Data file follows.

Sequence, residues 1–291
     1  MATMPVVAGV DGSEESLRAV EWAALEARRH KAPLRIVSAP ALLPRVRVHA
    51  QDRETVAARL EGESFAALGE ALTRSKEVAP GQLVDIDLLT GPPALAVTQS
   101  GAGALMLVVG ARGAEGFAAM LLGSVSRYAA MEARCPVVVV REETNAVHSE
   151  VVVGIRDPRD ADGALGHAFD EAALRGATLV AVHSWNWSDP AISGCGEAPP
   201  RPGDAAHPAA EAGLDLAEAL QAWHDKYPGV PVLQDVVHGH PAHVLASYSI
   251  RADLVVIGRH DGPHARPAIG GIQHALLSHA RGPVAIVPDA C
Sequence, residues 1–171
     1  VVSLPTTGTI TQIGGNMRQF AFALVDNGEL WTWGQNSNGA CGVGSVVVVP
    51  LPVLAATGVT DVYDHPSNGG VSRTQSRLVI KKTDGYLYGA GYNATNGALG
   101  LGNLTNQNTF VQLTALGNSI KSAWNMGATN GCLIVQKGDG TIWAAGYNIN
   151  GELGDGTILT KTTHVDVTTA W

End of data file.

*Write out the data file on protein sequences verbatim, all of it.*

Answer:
Sequence, residues 1–291
     1  MATMPVVAGV DGSEESLRAV EWAALEARRH KAPLRIVSAP ALLPRVRVHA
    51  QDRETVAARL EGESFAALGE ALTRSKEVAP GQLVDIDLLT GPPALAVTQS
   101  GAGALMLVVG ARGAEGFAAM LLGSVSRYAA MEARCPVVVV REETNAVHSE
   151  VVVGIRDPRD ADGALGHAFD EAALRGATLV AVHSWNWSDP AISGCGEAPP
   201  RPGDAAHPAA EAGLDLAEAL QAWHDKYPGV PVLQDVVHGH PAHVLASYSI
   251  RADLVVIGRH DGPHARPAIG GIQHALLSHA RGPVAIVPDA C
Sequence, residues 1–171
     1  VVSLPTTGTI TQIGGNMRQF AFALVDNGEL WTWGQNSNGA CGVGSVVVVP
    51  LPVLAATGVT DVYDHPSNGG VSRTQSRLVI KKTDGYLYGA GYNATNGALG
   101  LGNLTNQNTF VQLTALGNSI KSAWNMGATN GCLIVQKGDG TIWAAGYNIN
   151  GELGDGTILT KTTHVDVTTA W